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    Medicolegal and Ethical Lessons From the Pandemic

    The COVID-19 pandemic has made ophthalmologists reexamine their priorities and perspectives. As a vitreoretinal surgeon, I teamed up with a medical ethicist, John D. Banja, PhD, at the Emory University Center for Ethics, and an Atlanta-based medical malpractice defense attorney, Anna B. Fretwell, JD, at Huff Powell Bailey. We discussed the challenges faced and the lessons learned by ophthalmologists during the pandemic.

    During the lockdown, many ophthalmologists encoun­tered dilemmas, including how to manage patients who need ongoing care or experience urgent eye problems when our offices are closed, or how to provide urgent treatments when resources, such as personal protective equipment (PPE) or OR availability, are limited.

    The American Medical Association’s ethical codes generally require health care professionals to prioritize their patients’ welfare over their own.1 That would mean treating COVID patients even when the personal risk is high (e.g., when PPE is in short supply). From a medicolegal perspective, malpractice liability may be incurred when care is delivered outside of the usual parameters. During this unprecedented time, this has been happening due to resource constraints, such as office closures or lack of OR access.

    While federal and state immunity laws may offer some protection (the scope of which may vary),2 we think that providing care by putting patients’ interests first and by fol­lowing ethical principles is still the best way to limit liability. Guiding principles include:

    1. Provide clear communication with patients regarding diagnosis, prognosis, and treatment options. The patient’s consent is essential in establishing trust and minimizing fu­ture liability claims. Setting and gauging a patient’s expecta­tions to ensure that they align with yours is essential to avoid disappointment.
    2. Maintain contemporaneous documentation of care, including any departures from typical practice and the reasons for the deviation. If the appropriateness of the care is challenged at a later time, good documentation would help support the reasonableness of those changes. For example, if I decide not to give an injection to a wet AMD patient as scheduled after determining from a phone call that his subjective vision is stable, I might postpone his visit—if the patient agrees. I would then document the reasoning in the chart.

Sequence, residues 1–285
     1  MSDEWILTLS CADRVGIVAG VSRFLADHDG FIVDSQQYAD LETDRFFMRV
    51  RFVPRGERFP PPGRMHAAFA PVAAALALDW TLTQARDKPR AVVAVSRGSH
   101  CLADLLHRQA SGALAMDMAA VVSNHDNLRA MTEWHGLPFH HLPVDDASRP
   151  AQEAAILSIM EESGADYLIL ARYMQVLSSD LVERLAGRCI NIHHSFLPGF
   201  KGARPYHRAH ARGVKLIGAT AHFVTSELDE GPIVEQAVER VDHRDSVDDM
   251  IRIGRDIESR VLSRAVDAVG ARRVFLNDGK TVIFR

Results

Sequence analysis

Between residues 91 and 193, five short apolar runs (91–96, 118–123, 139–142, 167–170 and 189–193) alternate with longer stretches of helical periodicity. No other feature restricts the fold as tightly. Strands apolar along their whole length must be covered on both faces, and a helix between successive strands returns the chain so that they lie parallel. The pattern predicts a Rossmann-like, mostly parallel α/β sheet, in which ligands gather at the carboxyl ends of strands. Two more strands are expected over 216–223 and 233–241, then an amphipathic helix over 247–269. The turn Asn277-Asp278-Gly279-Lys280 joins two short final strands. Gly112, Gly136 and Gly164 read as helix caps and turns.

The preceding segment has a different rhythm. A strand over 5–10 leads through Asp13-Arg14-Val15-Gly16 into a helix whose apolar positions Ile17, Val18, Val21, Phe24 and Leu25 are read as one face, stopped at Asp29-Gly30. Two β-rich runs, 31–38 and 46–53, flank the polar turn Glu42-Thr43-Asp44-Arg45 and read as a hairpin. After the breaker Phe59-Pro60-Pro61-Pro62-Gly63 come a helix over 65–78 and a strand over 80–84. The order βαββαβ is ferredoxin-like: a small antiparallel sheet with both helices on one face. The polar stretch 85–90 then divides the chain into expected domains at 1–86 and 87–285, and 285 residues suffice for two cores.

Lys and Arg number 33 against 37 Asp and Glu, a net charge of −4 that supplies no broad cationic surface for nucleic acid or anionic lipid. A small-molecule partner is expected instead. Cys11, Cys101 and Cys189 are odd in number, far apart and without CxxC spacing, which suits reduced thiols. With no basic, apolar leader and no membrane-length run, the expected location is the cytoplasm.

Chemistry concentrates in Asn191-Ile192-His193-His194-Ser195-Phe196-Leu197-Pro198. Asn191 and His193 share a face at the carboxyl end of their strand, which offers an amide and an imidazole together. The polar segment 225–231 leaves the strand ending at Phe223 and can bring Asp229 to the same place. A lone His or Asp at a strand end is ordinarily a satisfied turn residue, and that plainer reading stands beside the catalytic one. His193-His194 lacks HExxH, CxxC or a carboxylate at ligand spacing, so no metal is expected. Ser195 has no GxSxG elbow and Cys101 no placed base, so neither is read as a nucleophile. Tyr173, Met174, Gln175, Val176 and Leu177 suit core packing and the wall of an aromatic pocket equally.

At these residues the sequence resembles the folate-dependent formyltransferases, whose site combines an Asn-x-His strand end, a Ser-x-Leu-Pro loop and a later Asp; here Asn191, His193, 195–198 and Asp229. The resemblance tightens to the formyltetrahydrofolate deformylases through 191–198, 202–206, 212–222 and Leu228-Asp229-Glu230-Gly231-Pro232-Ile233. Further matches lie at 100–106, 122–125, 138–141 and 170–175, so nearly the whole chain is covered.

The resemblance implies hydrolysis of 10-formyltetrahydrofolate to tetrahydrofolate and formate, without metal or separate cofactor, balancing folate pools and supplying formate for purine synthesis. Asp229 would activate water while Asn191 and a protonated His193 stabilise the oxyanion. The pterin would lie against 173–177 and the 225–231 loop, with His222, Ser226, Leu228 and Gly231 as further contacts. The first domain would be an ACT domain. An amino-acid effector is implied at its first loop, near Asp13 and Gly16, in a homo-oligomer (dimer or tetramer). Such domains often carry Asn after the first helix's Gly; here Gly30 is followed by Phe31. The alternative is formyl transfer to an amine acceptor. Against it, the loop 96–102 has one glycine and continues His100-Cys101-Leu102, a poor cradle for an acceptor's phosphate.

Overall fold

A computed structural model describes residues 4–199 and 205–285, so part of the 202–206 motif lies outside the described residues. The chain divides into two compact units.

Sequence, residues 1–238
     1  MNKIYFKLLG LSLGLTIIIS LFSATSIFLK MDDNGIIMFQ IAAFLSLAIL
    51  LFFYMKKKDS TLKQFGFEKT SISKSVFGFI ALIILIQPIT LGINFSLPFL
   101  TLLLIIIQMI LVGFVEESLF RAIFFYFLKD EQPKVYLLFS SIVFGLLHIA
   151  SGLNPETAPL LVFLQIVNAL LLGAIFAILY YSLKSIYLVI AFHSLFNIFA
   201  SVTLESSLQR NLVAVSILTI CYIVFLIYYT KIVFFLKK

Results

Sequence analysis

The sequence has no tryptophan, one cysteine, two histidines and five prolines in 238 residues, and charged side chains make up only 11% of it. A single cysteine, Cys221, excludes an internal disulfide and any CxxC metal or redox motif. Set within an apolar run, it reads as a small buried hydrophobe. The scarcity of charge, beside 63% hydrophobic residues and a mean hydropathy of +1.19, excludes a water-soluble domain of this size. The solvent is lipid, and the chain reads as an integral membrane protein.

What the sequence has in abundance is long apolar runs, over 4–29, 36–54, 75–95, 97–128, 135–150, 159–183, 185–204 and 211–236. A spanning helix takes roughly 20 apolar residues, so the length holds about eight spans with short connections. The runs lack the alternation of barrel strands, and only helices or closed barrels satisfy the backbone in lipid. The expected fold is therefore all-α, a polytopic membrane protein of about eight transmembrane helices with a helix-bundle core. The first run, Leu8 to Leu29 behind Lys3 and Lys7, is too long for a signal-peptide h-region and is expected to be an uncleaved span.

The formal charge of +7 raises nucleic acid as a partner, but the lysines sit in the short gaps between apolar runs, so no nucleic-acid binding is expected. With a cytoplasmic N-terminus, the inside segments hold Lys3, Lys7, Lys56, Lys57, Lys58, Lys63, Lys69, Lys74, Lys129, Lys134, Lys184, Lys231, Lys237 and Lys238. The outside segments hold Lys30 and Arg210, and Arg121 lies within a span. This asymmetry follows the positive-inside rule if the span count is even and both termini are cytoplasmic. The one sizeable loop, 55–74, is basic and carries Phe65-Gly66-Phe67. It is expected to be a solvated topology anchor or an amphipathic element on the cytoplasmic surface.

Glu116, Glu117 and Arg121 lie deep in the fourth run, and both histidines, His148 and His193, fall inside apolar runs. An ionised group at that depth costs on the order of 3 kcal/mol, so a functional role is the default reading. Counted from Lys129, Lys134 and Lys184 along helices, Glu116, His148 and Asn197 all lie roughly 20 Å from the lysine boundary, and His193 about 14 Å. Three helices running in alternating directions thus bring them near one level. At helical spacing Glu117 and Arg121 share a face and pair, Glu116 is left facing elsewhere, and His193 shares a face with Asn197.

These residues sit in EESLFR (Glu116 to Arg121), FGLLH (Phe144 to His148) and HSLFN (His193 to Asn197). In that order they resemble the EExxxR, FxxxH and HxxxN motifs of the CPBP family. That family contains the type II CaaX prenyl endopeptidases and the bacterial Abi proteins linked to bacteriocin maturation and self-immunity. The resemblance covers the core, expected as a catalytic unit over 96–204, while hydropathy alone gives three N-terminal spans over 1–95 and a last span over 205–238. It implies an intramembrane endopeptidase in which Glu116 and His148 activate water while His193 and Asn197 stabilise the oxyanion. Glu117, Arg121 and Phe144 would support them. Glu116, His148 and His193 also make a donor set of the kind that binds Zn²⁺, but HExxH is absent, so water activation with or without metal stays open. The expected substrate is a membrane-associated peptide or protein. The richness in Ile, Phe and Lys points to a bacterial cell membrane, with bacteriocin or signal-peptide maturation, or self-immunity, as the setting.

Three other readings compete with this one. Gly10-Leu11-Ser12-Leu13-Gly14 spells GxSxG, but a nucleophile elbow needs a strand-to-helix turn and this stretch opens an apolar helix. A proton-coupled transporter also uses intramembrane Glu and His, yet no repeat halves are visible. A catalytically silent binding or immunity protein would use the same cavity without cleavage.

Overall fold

It’s a balancing act that physicians do every day: Our patient’s best interests, the health and safety of our care team, and other patients’ welfare—they all need to be considered to make the best possible decisions.

    Jiong Yan, MD, JM
    Emory Eye Center, Atlanta

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    1 AMA Code of Medical Ethics. www.ama-assn.org/sites/ama-assn.org/files/corp/media-browser/principles-of-medical-ethics.pdf. Accessed Feb. 2, 2021.

    2 Klitzman RL. Chest. 2020;158(4):1343-1345.

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    Relevant financial disclosures: Volk: P.

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    Dr. Sacher: TeamedUp: O; Volk: P.

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    CORRECTIONS. EyeNet regrets the following errors.

    In “Biosimilars in Ophthalmology,” (cover story, January), EyeNet incorrectly stated on page 41 that the biosimilar Razumab had been approved by the FDA and the European Medicines Agency. It had not been approved by either agency. The online version of the article removes mention of these approvals.

    In “Volunteer Opportunity: Help Diversify Ophthalmology” (Notebook, February), EyeNet incorrectly stated that the Minority Ophthalmology Mentoring program deadline is July 15. The online version of this article states the correct deadline, June 15, with an opportunity for an early decision dead­line on April 12.